Quasi 1D Gapped Topological Surface States in Bi on InSb

by Tommy on 1/05/2017

I’ve been trying desperately to get back to my first true science love – bismuth.

It wasn’t my first science. It was the first where I could openly claim some fame.

And after all these years I am still trying to figure it all out, even as the expert on it.


Spin-polarized quasi 1D state with finite bandgap on the Bi/InSb(001) surface, J. Kishi, Y. Ohtsubo, K. Yaji, A. Harasawa, F. Komori, S. Shin, J. E. Rault, P. Le Fèvre, F. Bertran, A. Taleb-Ibrahimi, M. Nurmamat, H. Yamane, S. Ideta, K. Tanaka and S. Kimura (18 April 2017)

One-dimensional (1D) electronic states were discovered on 1D surface atomic structure of Bi fabricated on semiconductor InSb(001) substrates by angle-resolved photoelectron spectroscopy (ARPES). The 1D state showed steep, Dirac-cone-like dispersion along the 1D atomic structure with a finite direct bandgap opening as large as 150 meV. Moreover, spin-resolved ARPES revealed the spin polarization of the 1D unoccupied states as well as that of the occupied states, the orientation of which inverted depending on the wave vector direction parallel to the 1D array on the surface. These results reveal that a spin-polarized quasi-1D carrier was realized on the surface of 1D Bi with highly efficient backscattering suppression, showing promise for use in future spintronic and energy-saving devices.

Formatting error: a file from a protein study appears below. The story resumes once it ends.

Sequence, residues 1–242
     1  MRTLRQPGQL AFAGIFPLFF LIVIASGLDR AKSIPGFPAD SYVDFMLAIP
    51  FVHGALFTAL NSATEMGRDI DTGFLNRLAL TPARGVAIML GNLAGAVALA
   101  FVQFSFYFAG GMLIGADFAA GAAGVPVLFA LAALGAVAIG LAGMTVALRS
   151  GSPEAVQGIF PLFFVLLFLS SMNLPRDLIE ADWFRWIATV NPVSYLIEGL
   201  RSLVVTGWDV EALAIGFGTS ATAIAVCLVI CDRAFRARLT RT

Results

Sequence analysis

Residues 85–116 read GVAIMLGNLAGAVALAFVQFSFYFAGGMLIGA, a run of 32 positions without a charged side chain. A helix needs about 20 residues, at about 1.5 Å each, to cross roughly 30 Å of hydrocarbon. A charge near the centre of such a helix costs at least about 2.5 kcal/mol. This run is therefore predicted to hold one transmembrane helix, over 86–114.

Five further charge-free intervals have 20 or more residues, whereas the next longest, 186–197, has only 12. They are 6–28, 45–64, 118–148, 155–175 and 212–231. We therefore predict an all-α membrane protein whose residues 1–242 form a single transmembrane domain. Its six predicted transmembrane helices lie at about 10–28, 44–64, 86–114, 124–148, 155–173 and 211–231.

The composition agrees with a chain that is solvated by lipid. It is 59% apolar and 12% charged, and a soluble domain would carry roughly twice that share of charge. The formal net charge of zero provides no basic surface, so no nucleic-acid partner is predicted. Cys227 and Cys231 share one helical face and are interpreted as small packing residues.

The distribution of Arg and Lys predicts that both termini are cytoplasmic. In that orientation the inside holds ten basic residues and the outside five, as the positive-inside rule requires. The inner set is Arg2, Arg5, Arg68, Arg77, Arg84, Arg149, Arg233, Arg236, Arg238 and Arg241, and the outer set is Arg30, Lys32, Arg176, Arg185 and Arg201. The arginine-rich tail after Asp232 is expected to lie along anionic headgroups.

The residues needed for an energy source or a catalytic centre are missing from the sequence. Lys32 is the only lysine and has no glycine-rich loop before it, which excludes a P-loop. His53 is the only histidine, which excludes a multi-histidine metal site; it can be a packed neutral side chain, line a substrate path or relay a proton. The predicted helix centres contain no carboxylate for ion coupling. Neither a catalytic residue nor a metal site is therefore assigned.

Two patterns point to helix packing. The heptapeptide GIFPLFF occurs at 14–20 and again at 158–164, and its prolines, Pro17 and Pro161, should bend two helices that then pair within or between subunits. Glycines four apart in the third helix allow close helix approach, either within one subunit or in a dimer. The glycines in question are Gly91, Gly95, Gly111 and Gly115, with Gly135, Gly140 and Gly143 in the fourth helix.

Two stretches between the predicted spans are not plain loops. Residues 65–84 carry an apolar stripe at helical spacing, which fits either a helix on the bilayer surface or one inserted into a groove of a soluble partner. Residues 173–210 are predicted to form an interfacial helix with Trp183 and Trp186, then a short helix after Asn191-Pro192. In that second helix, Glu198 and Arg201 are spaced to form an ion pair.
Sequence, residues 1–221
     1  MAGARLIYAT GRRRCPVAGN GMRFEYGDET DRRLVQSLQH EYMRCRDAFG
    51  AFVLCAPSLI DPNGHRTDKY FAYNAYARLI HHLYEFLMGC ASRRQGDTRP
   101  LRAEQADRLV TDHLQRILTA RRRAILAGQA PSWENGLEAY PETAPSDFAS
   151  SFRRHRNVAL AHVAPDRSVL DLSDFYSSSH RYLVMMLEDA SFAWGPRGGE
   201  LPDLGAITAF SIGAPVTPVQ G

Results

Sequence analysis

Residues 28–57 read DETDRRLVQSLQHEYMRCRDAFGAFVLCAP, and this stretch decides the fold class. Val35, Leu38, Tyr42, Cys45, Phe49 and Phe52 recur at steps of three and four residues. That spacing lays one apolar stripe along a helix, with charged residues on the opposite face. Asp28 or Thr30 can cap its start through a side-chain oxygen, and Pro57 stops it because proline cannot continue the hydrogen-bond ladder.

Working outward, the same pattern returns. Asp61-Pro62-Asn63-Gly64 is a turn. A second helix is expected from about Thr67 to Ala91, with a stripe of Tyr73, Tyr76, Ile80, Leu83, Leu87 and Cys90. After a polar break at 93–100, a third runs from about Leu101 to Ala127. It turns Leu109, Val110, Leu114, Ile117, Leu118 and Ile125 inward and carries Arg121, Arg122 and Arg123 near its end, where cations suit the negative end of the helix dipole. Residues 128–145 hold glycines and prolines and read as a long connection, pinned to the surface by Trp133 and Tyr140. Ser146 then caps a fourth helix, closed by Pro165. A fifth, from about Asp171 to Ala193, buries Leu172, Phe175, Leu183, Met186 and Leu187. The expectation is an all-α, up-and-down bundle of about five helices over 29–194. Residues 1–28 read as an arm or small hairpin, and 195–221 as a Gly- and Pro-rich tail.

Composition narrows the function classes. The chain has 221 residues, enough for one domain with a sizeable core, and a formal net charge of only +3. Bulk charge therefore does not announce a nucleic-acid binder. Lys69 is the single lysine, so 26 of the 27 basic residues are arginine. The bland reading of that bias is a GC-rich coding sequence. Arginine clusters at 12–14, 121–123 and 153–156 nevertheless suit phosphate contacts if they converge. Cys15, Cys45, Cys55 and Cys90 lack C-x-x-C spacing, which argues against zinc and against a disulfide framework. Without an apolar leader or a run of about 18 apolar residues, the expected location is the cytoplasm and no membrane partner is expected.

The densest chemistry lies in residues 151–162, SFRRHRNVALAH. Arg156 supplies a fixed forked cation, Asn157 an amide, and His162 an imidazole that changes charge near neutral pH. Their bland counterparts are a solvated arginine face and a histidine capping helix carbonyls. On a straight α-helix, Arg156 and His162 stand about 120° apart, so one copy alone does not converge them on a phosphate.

And after 30 years it’s long past the time that I write up what I know about this subject again.

A whole bunch of metal chalcogenides keep stealing my fire.

I suppose I had better get started on it.

Update: I’m almost anxious enough to start. That’s really the only way I can write.

To your horror you can watch it online. It might not end up looking anything like this though.



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